Medieval Catholic Culture: Foundation for All True Science

I may be preaching to the choir here at when I state that the “dark ages” is a myth fabricated by the Protestant “reformers,” then picked up by the rationalists of the “Enlightenment,” which has grown darker and darker ever since its eighteenth century dawning. The Middle Ages were anything but dark. The culture was Catholic and part of that culture was the appreciation for God’s creation which was manifested in science and discovery.’s Eleonore Villarrubia wrote an excellent book review in February 2010 of Michael Foley’s, Why Do Catholics Eat Fish On Friday, which you can access here. The subtitle of the book is, The Catholic Origins of Just About Everything. That may not have sold as well as the Fish On Friday title, but it is the actual subject of the book. I was particularly impressed with the chapters on Clothes & Other Sundry Inventions * Education & Superstition * Art & Science * and Law & Architecture. It is incredible how many inventions were the fruit of the work of Catholic scientists and religious. Yes, religious — priests and brothers. And with astronomy, the field was dominated by religious, mostly Jesuits. I forget how many craters on the moon are named after Jesuit astronomers. Copernicus, as you may  know, was a Franciscan friar. I am not saying that this was a good thing. Saint Francis Xavier certainly would not have thought so, being that he wrote from India to the universities begging the faculties to send healthy and disciplined missionaries to the East and forego the degrees. Included in the science chapter is a particularly proud list of Catholic accomplishments in medicine. Need I mention that the hospitals of the “dark ages” were Catholic institutions run, almost always, by religious sisters or consecrated lay women. The list could go on and on. This all brings me to the following:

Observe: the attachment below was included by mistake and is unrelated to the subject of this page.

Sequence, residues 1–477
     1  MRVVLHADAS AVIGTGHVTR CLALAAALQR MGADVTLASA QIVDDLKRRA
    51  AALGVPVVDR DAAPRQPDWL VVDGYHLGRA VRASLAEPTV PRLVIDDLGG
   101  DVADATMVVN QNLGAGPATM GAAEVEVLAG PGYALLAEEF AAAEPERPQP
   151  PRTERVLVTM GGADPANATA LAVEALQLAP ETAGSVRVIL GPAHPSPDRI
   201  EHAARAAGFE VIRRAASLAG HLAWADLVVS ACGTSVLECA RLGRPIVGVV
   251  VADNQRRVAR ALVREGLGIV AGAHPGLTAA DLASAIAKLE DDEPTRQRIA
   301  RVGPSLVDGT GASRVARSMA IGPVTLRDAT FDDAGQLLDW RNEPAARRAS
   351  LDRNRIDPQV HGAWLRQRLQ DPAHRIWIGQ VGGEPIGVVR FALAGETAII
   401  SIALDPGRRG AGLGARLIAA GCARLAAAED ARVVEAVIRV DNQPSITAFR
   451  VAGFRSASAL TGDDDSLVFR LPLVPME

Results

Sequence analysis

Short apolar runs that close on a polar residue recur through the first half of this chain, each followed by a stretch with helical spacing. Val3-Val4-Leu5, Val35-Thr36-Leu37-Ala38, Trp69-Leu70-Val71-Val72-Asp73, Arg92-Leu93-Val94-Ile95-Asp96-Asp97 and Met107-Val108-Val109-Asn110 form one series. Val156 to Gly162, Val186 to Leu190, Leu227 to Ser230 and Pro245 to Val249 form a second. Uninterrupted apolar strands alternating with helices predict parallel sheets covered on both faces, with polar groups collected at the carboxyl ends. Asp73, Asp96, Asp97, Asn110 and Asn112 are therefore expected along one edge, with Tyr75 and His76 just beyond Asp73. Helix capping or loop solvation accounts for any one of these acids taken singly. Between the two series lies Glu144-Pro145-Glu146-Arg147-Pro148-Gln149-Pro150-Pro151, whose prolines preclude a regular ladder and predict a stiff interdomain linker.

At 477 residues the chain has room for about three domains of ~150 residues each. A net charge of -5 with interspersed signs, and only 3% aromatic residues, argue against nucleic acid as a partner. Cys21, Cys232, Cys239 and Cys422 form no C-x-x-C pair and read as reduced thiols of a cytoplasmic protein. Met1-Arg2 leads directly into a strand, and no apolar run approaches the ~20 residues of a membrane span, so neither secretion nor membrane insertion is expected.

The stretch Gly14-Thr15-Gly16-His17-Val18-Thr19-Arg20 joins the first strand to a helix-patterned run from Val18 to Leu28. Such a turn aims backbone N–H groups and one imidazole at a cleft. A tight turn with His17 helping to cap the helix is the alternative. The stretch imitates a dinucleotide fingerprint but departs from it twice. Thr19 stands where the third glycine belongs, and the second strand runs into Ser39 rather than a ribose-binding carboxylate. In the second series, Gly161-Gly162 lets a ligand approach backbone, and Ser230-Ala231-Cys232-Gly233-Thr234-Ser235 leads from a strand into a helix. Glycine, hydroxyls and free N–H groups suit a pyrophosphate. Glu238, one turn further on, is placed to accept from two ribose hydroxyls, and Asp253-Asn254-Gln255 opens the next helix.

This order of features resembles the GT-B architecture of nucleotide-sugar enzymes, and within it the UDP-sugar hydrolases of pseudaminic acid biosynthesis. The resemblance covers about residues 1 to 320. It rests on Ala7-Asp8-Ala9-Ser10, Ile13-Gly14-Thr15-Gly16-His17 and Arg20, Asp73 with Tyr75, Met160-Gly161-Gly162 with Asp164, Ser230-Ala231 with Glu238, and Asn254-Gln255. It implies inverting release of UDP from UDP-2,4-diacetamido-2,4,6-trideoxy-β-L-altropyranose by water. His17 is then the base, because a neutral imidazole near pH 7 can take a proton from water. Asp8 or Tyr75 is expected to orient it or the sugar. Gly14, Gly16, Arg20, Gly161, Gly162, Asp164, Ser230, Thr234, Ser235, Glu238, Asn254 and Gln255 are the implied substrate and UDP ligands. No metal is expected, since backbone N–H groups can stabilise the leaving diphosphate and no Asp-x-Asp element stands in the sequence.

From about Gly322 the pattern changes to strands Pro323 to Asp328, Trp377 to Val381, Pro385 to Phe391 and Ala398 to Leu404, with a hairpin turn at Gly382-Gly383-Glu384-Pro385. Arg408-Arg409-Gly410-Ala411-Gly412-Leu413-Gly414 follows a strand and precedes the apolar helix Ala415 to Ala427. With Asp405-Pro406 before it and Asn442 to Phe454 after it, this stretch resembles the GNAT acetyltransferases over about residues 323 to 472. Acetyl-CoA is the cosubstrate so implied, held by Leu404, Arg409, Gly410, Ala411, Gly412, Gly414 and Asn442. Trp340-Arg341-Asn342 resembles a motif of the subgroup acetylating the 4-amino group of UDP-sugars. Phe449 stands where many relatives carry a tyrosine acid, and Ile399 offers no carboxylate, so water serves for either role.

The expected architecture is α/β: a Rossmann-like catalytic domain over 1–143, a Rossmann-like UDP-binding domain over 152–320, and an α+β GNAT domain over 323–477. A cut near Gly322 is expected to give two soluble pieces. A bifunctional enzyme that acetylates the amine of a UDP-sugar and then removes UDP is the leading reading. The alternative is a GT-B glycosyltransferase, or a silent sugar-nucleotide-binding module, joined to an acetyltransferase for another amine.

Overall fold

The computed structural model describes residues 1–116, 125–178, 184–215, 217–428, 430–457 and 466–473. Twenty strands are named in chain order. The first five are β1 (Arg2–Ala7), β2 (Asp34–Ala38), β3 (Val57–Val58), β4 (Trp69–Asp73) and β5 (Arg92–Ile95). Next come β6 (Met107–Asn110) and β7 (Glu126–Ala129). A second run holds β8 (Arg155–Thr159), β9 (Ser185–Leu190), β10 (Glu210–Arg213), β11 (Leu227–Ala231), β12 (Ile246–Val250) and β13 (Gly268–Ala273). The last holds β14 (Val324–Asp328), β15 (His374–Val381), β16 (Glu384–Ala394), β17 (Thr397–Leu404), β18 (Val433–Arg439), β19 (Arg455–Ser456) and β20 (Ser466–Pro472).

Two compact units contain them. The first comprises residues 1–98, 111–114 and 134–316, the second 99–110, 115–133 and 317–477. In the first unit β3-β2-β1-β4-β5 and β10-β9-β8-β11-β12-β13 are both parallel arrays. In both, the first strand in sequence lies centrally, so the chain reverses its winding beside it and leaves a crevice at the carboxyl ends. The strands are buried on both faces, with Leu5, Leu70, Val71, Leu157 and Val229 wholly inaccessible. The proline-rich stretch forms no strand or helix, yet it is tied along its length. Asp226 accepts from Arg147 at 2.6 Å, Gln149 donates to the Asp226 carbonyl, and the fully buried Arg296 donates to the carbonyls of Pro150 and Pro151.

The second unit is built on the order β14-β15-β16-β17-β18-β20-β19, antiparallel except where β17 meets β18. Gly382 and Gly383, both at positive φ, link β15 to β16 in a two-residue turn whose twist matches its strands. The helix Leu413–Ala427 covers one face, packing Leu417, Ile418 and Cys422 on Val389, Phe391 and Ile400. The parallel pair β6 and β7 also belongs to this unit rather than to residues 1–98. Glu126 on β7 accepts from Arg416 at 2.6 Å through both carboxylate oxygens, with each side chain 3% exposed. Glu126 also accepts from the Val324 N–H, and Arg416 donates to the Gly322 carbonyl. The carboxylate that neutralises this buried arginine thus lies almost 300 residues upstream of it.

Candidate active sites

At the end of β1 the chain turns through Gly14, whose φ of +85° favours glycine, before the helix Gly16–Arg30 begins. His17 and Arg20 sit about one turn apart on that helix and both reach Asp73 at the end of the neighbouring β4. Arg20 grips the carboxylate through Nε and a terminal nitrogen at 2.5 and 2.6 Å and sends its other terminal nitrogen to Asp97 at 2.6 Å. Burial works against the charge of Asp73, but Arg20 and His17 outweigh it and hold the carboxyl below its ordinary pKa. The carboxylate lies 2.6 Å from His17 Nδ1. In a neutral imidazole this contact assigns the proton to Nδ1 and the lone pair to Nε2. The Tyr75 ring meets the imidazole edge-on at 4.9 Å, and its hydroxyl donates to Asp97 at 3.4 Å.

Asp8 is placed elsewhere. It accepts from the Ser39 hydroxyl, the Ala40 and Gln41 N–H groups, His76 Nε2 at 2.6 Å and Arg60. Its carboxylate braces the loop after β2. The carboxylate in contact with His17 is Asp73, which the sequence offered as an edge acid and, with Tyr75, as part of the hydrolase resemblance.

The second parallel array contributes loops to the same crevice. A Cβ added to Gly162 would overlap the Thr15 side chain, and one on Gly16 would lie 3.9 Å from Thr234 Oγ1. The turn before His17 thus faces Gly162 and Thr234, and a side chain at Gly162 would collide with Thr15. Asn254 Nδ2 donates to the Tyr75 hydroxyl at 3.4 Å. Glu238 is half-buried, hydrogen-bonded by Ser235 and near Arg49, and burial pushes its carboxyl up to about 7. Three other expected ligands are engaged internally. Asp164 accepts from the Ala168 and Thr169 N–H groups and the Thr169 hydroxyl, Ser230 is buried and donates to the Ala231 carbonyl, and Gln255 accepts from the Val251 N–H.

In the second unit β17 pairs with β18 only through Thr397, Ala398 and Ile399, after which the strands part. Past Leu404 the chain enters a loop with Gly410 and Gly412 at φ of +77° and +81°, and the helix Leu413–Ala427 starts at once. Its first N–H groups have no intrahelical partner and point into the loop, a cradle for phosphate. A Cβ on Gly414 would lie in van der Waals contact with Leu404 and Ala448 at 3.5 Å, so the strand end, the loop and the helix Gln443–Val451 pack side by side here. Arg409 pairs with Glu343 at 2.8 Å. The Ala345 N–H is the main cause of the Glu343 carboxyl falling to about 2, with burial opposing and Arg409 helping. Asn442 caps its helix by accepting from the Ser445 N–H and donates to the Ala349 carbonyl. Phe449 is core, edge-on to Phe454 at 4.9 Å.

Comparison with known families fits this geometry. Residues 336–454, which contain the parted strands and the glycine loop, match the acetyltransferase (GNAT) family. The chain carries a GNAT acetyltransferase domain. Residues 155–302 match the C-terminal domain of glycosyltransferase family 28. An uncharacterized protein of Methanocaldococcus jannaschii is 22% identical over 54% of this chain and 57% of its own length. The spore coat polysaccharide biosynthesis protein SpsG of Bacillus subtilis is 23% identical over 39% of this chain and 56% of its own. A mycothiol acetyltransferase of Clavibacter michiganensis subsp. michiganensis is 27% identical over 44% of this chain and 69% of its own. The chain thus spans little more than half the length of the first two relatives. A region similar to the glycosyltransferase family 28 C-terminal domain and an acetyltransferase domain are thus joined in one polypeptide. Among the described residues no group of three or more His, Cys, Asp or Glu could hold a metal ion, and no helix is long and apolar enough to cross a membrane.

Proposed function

Quodcumque Dixerit Blog ran a fascinating segment yesterday from a book titled, “The Christian roots of modern science” by Dr. Donald DeMarco (Adjunct Professor, Holy Apostles College & Seminary, Cromwell,CT.) 2008. Here is the lede:

The most comprehensive and detailed treatment of the history of science was given to posterity by a distinguished physicist and mathematician, Pierre Duhem, (1861-1916) in his 10-volume magnum opus, Le Système du monde: les doctrines cosmologiques de Platon à Copernicus. The first five volumes—each more than 500 pages in length—were published in consecutive years, from 1913-1917. Although another five volumes were ready for publication when Duhem passed away in 1916, they were not published until four decades later (1954-59) thanks, in great part, to the courage and determination of his daughter Hélène. You can read the rest here.